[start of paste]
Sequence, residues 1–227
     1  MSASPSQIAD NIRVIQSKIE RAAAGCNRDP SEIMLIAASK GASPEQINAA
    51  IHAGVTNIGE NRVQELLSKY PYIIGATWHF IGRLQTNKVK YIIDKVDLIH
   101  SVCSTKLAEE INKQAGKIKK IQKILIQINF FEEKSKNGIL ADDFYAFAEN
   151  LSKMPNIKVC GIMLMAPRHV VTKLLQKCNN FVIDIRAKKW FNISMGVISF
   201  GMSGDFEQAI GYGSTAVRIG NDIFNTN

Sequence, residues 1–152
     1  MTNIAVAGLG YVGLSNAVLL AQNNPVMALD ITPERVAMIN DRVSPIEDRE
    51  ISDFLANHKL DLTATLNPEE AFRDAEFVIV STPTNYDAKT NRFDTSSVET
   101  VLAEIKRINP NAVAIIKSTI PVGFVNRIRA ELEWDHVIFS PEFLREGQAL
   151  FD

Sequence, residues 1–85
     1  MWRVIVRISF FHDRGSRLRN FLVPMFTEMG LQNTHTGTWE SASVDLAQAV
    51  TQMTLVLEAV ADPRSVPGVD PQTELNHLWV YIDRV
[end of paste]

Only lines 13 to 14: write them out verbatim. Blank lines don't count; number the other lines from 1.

     1  MWRVIVRISF FHDRGSRLRN FLVPMFTEMG LQNTHTGTWE SASVDLAQAV
    51  TQMTLVLEAV ADPRSVPGVD PQTELNHLWV YIDRV